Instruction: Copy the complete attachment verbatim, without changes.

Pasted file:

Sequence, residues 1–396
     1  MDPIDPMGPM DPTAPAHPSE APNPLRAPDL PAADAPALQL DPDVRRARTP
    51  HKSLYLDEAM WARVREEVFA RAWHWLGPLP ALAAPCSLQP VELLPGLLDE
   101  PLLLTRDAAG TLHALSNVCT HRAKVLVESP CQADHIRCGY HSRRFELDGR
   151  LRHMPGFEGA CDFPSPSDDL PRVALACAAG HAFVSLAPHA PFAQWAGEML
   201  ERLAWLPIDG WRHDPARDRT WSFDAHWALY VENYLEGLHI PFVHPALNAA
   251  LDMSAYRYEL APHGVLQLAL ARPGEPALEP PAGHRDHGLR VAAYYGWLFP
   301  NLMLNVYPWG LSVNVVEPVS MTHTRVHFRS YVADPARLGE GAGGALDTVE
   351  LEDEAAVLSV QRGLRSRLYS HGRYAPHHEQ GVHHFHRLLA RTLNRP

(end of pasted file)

Sequence, residues 1–396
     1  MDPIDPMGPM DPTAPAHPSE APNPLRAPDL PAADAPALQL DPDVRRARTP
    51  HKSLYLDEAM WARVREEVFA RAWHWLGPLP ALAAPCSLQP VELLPGLLDE
   101  PLLLTRDAAG TLHALSNVCT HRAKVLVESP CQADHIRCGY HSRRFELDGR
   151  LRHMPGFEGA CDFPSPSDDL PRVALACAAG HAFVSLAPHA PFAQWAGEML
   201  ERLAWLPIDG WRHDPARDRT WSFDAHWALY VENYLEGLHI PFVHPALNAA
   251  LDMSAYRYEL APHGVLQLAL ARPGEPALEP PAGHRDHGLR VAAYYGWLFP
   301  NLMLNVYPWG LSVNVVEPVS MTHTRVHFRS YVADPARLGE GAGGALDTVE
   351  LEDEAAVLSV QRGLRSRLYS HGRYAPHHEQ GVHHFHRLLA RTLNRP